Vouchers will not improve student achievement, will erode funding for public schools, and will eventually promote a society with more social stratification.

    But, by the time anyone notices, it will be too late.

  • Rebecca

    As a parent of one of those 9,000 very happy with the ruling. My child goes to a private school, which is Catholic because my choices are overpopulated public school with kids who have no respect for their teachers and distract my child from doing what she is is sent there to do LEARN, and a school where respect, character driven education, and an atmosphere of learning are encouraged..This liberal parent picked private school.

    • inteach

      People can send their kids to any religious school they want.

      Just don’t make me pay for it.

  • Been There Done That!

    inteach – I still hear you saying that taking the “voucher kids” out of the public schools will undermine the public schools. Lets say that every kid eligible for a voucher was removed from the public schools and placed into the private schools. that is extreme, we all know this will never happen, but for sake of arguement lets just say it did. The school still receives 10 or 50% of the funding for those children. Using the hopefully revised voucher law, there would be no special needs students, no lower SES kids, no military kids, etc. As a former school district employee, I have met many teachers who would love to be teaching in a situation like this. Personally I love working with the kids with special needs and those kids who may or may not have the family support to automatically be successful. But I have also worked with teachers who had classrooms with 8 kids with special needs, 4 kids who did not speak English, 4 kids who came in having not eaten breakfast, 6 kids whose parents wanted to do all of the right things for their kids, but had to work 3 jobs just to pay the bills and put food on the table, and 3 “shining stars” whose parents gave them everything and expected that everyone else do the same. All of these kids deserve a chance at the best that is available to them. What parent would not want the right to make a decision about where their child attends school?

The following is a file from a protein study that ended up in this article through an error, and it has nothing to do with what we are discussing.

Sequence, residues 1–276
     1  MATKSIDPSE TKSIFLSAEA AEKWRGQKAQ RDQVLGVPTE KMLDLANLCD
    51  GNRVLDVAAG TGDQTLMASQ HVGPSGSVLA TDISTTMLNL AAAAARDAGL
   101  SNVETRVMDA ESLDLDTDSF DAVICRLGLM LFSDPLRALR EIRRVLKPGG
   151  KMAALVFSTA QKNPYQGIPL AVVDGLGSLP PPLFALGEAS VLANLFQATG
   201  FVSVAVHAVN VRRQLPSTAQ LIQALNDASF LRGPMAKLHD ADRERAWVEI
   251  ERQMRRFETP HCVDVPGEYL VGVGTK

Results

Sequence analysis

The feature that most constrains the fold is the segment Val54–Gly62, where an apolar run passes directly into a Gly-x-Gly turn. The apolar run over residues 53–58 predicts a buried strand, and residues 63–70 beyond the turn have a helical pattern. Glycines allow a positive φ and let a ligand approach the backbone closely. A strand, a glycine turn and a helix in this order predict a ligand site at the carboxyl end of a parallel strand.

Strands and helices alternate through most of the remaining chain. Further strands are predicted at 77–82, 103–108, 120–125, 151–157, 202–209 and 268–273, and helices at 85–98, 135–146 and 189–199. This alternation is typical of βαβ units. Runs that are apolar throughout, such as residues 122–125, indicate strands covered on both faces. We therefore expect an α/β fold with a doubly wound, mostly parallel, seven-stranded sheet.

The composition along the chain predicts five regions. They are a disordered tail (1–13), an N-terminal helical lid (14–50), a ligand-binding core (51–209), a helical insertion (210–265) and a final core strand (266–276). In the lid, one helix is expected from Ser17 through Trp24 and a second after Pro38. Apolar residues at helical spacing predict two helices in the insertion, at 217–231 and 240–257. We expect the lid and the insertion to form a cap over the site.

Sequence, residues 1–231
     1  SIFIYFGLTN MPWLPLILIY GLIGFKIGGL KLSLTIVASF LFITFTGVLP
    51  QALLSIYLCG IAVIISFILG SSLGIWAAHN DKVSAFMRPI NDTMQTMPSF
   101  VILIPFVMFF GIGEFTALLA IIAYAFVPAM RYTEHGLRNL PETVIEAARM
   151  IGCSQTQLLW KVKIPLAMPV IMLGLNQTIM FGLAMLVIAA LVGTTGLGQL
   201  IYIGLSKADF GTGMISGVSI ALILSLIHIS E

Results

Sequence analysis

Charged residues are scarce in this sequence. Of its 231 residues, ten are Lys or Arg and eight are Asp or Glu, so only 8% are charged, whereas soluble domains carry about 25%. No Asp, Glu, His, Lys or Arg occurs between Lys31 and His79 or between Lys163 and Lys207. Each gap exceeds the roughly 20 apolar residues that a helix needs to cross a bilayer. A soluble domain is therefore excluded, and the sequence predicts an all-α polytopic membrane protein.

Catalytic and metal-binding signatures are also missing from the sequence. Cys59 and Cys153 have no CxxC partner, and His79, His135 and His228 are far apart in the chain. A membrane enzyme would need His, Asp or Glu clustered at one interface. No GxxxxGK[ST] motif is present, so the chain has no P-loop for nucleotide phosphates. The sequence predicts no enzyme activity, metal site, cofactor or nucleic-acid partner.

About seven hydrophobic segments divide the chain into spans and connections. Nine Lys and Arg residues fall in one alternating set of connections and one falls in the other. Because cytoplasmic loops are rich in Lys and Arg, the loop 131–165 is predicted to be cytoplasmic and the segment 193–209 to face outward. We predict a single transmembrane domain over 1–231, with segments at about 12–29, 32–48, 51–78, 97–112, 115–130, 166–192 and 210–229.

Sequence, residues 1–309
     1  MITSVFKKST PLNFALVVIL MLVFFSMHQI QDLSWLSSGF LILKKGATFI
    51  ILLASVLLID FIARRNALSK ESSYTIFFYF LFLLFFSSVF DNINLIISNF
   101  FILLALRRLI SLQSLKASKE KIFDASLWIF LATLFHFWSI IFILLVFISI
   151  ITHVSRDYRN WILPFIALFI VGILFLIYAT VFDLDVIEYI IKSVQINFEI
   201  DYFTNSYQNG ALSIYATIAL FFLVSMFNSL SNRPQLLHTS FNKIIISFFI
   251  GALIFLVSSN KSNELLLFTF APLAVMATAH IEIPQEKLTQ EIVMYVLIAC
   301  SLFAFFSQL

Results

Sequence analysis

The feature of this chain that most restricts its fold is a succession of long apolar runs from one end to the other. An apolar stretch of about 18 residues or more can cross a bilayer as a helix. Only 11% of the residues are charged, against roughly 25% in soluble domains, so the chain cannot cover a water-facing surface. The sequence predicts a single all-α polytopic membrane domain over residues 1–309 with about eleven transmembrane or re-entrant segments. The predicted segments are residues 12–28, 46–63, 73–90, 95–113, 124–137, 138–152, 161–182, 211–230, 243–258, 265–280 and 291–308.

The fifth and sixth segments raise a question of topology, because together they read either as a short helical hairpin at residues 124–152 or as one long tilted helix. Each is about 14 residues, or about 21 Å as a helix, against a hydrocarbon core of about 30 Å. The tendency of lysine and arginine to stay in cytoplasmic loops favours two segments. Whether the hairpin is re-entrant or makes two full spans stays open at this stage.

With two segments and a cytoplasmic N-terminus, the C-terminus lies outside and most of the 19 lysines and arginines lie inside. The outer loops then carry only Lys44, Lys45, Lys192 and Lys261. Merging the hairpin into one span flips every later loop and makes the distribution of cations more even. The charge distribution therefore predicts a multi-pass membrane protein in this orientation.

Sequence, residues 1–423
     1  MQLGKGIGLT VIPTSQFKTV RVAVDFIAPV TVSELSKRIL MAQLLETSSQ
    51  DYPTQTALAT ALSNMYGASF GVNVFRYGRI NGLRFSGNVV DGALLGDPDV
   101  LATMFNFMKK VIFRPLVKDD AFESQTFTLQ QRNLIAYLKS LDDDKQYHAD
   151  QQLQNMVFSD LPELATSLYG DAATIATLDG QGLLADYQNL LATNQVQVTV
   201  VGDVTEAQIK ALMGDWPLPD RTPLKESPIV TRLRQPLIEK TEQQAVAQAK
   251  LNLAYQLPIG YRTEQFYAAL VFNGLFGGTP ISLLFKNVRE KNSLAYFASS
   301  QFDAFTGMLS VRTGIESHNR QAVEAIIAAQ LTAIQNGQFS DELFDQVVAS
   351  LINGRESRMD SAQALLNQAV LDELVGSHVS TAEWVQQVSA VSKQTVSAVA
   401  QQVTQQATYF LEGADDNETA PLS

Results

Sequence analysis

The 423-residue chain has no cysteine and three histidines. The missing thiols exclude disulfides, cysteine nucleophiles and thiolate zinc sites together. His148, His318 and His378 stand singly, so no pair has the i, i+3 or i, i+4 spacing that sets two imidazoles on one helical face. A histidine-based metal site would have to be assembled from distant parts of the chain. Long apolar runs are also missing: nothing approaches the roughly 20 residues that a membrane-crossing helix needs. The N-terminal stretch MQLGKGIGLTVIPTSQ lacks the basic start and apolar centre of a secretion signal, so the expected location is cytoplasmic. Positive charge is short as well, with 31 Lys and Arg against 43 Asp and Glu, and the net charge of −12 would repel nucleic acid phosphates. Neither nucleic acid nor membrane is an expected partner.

• inteach

      Public money should not be used to support religious institutions.

      Siphoning any amount of money is abdicating our commitment to public education and, ultimately, democracy.

      Vouchers will lead to social stratification and do not increase student achievement in a substantial way.

      The voucher program is an extension of a ideological vision of education where the free market produces desired change. Of course, there is no definitive study indicating vouchers work (though there is ample evident they do not).

      What other educational program would the state spend $38 million dollars on if there was no proof of its efficacy?